There is an ongoing debate in the West over religion and modernity. Some say they are compatible and others say they are not. Long before 9/11, there have been significant disagreements within the West itself over the compatibility of religion and modernity. After 9/11, many people discuss Islam and modernity as if struggles over faith and reason are unique to Muslims. However, this issue has long been discussed in the West, and both Western and Muslim societies struggle over religious traditions in our modern life.

Beginning with the Enlightenment in the 18th century, many scholars and others have argued that religion and modern life are incompatible and that as societies become more modern they also necessarily become more secular and less religious. There have been many proponents of this view, such as Karl Marx, Sigmund Freud, and Max Weber and other sociologists and historians. In most of the Western world, there have been declining levels of support for religion, as measured by polls on religious belief and attendance at religious services. Jewish and Christian groups have had, and continue to have, serious divisions over modernity and tradition, sometimes resulting in institutional schisms and break-ups.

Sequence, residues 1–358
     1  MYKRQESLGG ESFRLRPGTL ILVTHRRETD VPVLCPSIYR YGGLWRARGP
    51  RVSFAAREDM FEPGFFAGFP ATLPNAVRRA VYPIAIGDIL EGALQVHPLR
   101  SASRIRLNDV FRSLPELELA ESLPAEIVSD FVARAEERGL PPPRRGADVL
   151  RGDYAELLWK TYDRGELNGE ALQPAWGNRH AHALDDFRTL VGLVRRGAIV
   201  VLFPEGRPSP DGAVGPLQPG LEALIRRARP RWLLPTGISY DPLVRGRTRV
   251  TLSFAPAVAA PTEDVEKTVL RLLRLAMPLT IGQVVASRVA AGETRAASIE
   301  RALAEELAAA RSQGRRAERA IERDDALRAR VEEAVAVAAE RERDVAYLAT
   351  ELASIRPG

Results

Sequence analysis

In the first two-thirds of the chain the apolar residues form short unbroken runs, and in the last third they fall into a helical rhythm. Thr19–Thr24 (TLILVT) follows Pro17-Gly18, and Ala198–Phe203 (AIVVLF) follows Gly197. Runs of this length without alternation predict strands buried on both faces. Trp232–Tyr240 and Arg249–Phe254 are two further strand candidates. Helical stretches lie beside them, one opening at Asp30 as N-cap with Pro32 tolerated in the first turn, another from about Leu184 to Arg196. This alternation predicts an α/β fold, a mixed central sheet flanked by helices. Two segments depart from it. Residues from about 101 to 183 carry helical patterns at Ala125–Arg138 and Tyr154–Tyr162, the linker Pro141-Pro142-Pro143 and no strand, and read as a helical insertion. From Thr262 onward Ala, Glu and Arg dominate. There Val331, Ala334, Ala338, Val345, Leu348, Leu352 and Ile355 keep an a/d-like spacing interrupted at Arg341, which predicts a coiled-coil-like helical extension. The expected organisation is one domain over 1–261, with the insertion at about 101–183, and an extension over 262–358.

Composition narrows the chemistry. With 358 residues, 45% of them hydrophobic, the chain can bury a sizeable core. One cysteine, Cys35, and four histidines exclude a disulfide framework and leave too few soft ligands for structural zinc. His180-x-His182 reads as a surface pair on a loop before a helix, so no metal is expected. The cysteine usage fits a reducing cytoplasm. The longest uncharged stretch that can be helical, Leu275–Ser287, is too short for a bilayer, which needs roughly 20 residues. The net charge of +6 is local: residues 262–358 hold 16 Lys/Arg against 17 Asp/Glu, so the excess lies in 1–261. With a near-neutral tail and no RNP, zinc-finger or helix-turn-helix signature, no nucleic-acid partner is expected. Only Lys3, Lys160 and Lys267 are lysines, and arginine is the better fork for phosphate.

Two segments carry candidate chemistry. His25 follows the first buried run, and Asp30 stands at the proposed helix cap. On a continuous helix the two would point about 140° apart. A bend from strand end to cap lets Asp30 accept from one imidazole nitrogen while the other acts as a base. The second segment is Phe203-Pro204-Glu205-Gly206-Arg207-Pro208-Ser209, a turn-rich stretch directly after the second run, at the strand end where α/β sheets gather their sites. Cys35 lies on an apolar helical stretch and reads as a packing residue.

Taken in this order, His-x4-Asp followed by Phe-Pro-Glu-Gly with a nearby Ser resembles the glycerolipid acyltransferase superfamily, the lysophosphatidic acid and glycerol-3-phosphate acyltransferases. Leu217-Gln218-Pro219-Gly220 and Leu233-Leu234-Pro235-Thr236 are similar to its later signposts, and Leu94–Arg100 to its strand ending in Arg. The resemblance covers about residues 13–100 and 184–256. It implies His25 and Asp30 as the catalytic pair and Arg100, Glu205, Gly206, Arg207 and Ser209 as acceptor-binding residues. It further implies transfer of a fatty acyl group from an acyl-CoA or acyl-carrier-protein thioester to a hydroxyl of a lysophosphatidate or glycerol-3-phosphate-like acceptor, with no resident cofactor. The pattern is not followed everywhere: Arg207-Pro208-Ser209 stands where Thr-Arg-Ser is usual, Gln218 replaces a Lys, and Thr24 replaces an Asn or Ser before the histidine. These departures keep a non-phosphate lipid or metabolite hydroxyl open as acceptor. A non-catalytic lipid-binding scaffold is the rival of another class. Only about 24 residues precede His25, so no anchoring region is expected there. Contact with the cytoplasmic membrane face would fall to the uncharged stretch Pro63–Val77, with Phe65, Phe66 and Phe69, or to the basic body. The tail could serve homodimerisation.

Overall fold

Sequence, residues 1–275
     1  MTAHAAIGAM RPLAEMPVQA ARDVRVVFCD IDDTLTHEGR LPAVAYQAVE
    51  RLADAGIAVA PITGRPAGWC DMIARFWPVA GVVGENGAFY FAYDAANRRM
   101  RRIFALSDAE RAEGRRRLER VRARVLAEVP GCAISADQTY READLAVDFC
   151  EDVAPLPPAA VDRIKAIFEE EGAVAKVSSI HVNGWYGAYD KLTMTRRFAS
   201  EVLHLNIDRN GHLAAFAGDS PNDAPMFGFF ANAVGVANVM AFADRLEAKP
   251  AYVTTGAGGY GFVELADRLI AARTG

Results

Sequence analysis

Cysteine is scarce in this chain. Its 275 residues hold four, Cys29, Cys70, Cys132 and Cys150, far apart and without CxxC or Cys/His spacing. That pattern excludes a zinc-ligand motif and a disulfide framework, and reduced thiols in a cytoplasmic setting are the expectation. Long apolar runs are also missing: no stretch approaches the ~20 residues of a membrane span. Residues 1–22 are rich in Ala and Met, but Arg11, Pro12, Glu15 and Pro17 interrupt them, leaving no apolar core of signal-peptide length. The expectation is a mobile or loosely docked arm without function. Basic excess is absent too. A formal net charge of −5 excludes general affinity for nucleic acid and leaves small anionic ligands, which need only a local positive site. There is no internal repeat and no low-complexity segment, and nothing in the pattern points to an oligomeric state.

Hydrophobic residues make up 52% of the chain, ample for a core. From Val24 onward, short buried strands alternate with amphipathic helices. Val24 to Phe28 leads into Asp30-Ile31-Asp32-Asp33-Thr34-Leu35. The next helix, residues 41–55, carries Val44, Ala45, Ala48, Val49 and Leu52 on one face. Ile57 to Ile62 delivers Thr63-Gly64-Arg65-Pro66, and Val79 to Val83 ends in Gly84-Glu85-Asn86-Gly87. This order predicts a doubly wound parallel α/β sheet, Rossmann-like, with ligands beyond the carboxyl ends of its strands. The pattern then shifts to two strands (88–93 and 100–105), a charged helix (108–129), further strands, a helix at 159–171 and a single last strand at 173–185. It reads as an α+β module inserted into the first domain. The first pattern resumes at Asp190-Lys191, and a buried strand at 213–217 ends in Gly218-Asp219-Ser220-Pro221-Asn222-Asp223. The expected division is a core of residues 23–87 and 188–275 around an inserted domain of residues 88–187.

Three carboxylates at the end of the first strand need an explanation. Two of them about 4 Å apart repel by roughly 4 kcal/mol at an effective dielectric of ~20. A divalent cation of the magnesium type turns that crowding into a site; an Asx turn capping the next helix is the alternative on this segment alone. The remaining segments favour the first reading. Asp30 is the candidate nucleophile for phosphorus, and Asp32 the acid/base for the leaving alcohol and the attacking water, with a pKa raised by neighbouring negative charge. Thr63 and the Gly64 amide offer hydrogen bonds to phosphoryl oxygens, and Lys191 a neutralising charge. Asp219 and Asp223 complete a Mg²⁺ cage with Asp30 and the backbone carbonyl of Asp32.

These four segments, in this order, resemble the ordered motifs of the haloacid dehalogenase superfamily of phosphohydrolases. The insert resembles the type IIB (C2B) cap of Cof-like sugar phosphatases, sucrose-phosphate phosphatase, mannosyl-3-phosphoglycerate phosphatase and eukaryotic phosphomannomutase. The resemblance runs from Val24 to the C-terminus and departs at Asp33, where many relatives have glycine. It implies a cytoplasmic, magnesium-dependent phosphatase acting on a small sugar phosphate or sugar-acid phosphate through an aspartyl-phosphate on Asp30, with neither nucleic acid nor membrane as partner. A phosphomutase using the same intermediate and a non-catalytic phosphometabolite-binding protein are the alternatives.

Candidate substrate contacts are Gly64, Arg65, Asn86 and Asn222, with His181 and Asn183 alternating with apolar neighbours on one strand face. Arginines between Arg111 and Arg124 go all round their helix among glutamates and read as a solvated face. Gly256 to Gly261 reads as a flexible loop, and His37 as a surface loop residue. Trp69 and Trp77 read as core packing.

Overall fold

In American politics, there are also deep divisions over the role of religion in government. Liberals and progressives believe that the religion clauses of the First Amendment teach separation of church and state. Conservatives, on the other hand, frequently deny this, and claim that America is a Christian or Judeo-Christian country. We see this most prominently in the “culture war” issues such as abortion, same-sex marriage, and prayer in public schools. In general, the West is divided about whether religion should be a purely private affair, or whether it can be a means of guidance for social and political issues. So when we hear discussions of tensions between modernity and religion, it is important to realize that there are deep-rooted tensions in the West around this topic as well.

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